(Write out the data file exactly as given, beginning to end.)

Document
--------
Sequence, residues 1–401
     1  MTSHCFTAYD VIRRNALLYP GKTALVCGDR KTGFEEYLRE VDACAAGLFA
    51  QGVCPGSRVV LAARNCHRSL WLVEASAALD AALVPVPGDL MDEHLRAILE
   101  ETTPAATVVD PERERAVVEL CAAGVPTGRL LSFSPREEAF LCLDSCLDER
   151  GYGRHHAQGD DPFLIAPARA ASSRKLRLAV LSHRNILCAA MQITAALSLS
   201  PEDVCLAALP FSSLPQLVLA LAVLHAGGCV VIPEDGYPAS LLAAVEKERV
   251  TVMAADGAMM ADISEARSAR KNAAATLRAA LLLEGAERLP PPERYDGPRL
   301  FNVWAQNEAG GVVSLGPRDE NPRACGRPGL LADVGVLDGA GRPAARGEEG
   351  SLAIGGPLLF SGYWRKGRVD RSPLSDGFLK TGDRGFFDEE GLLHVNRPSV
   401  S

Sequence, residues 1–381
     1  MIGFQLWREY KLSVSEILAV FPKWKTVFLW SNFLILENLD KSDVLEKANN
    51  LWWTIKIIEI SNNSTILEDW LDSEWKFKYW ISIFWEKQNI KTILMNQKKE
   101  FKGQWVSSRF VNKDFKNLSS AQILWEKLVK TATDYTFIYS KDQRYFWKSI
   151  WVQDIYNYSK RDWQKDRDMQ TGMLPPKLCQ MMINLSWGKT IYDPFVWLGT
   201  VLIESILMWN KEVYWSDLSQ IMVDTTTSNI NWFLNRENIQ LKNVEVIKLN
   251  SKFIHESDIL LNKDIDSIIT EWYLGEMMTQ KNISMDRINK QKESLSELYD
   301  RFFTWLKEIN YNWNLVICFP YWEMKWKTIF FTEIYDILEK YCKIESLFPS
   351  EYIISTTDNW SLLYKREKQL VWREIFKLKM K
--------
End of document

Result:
Sequence, residues 1–401
     1  MTSHCFTAYD VIRRNALLYP GKTALVCGDR KTGFEEYLRE VDACAAGLFA
    51  QGVCPGSRVV LAARNCHRSL WLVEASAALD AALVPVPGDL MDEHLRAILE
   101  ETTPAATVVD PERERAVVEL CAAGVPTGRL LSFSPREEAF LCLDSCLDER
   151  GYGRHHAQGD DPFLIAPARA ASSRKLRLAV LSHRNILCAA MQITAALSLS
   201  PEDVCLAALP FSSLPQLVLA LAVLHAGGCV VIPEDGYPAS LLAAVEKERV
   251  TVMAADGAMM ADISEARSAR KNAAATLRAA LLLEGAERLP PPERYDGPRL
   301  FNVWAQNEAG GVVSLGPRDE NPRACGRPGL LADVGVLDGA GRPAARGEEG
   351  SLAIGGPLLF SGYWRKGRVD RSPLSDGFLK TGDRGFFDEE GLLHVNRPSV
   401  S

Sequence, residues 1–381
     1  MIGFQLWREY KLSVSEILAV FPKWKTVFLW SNFLILENLD KSDVLEKANN
    51  LWWTIKIIEI SNNSTILEDW LDSEWKFKYW ISIFWEKQNI KTILMNQKKE
   101  FKGQWVSSRF VNKDFKNLSS AQILWEKLVK TATDYTFIYS KDQRYFWKSI
   151  WVQDIYNYSK RDWQKDRDMQ TGMLPPKLCQ MMINLSWGKT IYDPFVWLGT
   201  VLIESILMWN KEVYWSDLSQ IMVDTTTSNI NWFLNRENIQ LKNVEVIKLN
   251  SKFIHESDIL LNKDIDSIIT EWYLGEMMTQ KNISMDRINK QKESLSELYD
   301  RFFTWLKEIN YNWNLVICFP YWEMKWKTIF FTEIYDILEK YCKIESLFPS
   351  EYIISTTDNW SLLYKREKQL VWREIFKLKM K